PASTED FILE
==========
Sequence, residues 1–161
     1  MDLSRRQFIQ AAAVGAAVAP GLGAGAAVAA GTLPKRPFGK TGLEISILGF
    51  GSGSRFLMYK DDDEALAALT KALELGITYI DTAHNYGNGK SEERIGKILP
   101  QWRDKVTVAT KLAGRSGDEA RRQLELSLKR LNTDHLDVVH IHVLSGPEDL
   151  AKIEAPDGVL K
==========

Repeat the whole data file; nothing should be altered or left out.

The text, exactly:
Sequence, residues 1–161
     1  MDLSRRQFIQ AAAVGAAVAP GLGAGAAVAA GTLPKRPFGK TGLEISILGF
    51  GSGSRFLMYK DDDEALAALT KALELGITYI DTAHNYGNGK SEERIGKILP
   101  QWRDKVTVAT KLAGRSGDEA RRQLELSLKR LNTDHLDVVH IHVLSGPEDL
   151  AKIEAPDGVL K